Clandestine Operations: The Vancouver Women's Caucus, the Abortion Caravan, and the RCMP

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Abstract

In 1969, the reform of the Criminal Code legalized contraception, abortion, and homosexual acts between consenting adults. Yet the conditions under which legal abortion was now permissible were so restrictive that the new abortion law provoked widespread discontent. One women's liberation group, the fledging Vancouver Women's Caucus (VWC), outlined a plan to travel to Ottawa between February and May 1970 in an Abortion Caravan to protest the new law. The caravan's central feature was a van bearing a coffin filled with coat hangers to represent the deaths of women from botched abortions. Declassified RCMP files reveal that the Mounties were spying on the VWC and tracking the Abortion Caravan on its journey from Vancouver to Ottawa. An analysis of these files shows that the VWC, like other women's liberation groups, was targeted for surveillance because the RCMP was extremely concerned about women's liberation groups' real and putative connections to left-wing organizations. Indeed, the RCMP's approach to women's liberation groups was a crucial component of the climate of fear of subversion so prevalent during the Cold War. However, the files also reveal that RCMP surveillance of the VWC proved to be a major challenge because of the complex gendered nature of the force's surveillance of women's liberation groups. Ultimately, the files point to the importance of studying the ways in which state security interests intersect with variables such as gender, class, race, and sexual orientation.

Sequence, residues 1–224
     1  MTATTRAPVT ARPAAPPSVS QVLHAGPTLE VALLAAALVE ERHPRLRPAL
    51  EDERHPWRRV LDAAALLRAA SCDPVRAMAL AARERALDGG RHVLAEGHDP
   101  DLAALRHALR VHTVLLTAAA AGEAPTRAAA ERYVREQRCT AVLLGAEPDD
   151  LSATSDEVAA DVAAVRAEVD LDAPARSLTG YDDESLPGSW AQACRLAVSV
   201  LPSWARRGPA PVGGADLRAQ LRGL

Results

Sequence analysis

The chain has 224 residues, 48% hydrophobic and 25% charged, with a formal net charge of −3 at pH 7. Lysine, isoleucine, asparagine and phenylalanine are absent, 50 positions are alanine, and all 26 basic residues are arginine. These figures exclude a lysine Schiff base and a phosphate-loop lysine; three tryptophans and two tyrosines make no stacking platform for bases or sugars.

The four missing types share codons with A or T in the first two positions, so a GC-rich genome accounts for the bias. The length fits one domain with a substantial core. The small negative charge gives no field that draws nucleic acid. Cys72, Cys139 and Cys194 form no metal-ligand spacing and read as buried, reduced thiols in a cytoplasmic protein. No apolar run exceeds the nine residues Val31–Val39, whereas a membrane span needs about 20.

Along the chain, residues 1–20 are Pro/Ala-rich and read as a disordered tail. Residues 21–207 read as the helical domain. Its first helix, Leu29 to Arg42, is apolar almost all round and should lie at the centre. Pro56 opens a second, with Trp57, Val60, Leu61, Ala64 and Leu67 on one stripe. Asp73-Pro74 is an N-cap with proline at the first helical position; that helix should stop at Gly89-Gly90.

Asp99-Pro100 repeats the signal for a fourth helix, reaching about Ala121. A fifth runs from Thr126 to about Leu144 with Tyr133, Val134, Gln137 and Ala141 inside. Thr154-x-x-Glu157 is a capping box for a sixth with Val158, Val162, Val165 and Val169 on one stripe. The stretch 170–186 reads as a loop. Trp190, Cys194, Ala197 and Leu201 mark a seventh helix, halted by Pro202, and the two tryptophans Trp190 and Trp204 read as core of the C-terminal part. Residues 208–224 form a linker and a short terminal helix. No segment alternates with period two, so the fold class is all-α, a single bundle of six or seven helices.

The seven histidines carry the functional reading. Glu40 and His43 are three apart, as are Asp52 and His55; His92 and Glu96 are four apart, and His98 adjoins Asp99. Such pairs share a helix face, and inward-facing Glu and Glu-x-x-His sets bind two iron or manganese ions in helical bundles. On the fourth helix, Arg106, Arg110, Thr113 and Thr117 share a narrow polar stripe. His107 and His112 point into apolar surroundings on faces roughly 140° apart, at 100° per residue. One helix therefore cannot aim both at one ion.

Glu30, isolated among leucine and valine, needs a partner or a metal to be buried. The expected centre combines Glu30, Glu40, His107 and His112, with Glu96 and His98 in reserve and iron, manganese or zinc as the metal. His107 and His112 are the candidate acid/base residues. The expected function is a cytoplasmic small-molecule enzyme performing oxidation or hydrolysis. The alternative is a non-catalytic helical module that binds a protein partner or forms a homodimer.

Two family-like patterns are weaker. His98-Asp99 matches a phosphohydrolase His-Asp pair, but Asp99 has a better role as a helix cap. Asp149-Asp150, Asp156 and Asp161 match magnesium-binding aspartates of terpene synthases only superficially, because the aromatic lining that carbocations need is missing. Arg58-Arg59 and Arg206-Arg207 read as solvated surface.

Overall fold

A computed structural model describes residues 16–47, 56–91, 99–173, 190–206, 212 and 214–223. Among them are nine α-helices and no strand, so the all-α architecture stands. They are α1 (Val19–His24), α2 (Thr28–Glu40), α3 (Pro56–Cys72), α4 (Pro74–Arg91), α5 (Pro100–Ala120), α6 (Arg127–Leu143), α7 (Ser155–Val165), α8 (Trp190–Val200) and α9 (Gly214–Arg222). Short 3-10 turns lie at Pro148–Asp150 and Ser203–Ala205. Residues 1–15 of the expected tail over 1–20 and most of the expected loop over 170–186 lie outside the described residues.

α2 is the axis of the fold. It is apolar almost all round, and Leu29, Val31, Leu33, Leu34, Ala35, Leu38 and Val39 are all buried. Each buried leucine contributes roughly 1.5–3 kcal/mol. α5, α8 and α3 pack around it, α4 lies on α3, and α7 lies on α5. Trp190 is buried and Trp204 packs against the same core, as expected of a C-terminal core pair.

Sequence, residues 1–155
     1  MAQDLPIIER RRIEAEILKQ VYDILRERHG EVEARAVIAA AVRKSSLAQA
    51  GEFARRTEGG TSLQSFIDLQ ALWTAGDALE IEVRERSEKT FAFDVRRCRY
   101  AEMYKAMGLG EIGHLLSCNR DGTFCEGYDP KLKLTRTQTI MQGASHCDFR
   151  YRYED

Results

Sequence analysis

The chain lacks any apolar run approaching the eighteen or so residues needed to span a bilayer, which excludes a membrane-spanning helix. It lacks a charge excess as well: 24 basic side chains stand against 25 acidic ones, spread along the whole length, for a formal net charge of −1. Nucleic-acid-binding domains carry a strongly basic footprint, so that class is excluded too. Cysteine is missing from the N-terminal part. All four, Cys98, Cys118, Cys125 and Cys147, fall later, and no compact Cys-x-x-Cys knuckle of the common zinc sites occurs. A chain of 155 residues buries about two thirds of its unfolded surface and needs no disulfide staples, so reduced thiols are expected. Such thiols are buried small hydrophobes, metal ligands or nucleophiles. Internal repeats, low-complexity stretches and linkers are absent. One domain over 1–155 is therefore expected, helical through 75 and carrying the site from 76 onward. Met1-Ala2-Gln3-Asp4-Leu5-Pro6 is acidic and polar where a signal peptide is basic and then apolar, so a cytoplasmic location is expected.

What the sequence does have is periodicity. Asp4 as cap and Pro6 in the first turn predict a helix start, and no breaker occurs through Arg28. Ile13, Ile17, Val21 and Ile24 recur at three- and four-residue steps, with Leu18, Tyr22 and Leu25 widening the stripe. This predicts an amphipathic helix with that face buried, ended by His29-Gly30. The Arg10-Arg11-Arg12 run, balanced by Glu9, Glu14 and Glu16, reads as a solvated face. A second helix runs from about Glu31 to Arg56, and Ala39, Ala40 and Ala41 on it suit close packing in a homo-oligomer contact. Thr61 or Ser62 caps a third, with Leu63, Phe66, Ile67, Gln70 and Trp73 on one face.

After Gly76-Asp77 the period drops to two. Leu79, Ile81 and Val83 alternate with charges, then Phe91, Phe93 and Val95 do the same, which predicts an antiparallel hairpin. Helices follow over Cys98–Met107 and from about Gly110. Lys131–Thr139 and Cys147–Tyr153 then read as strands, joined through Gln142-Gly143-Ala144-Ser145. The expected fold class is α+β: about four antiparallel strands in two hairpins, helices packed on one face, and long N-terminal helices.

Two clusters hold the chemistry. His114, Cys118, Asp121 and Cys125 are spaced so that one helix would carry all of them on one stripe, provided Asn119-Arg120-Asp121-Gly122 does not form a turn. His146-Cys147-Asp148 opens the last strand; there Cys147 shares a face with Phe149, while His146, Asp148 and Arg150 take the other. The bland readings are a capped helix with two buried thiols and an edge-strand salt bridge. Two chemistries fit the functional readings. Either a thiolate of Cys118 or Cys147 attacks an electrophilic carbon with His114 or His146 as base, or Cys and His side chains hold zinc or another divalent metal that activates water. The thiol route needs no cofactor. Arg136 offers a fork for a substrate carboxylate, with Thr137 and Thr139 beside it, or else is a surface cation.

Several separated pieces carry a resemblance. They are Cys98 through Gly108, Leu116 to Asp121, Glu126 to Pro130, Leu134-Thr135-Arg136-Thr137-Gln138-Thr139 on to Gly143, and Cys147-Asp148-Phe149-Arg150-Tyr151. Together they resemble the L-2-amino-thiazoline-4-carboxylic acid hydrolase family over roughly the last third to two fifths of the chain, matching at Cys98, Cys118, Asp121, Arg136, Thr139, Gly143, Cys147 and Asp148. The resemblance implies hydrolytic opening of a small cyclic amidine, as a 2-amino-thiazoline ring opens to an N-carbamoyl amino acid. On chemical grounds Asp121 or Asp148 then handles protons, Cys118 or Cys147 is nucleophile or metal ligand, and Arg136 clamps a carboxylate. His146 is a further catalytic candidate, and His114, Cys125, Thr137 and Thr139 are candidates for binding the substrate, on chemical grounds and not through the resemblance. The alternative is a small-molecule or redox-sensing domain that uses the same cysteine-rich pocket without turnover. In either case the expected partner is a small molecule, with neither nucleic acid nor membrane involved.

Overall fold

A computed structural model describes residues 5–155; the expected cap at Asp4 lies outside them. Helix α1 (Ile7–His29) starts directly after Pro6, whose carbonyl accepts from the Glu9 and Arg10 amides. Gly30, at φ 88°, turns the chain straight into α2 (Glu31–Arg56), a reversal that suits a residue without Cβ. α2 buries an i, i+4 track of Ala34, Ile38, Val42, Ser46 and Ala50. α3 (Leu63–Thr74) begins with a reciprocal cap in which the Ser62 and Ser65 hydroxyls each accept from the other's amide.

Details

Original languageEnglish
Pages (from-to)463-496
JournalThe Canadian Historical Review
Volume90
Issue number3
Publication statusPublished - Sep 2009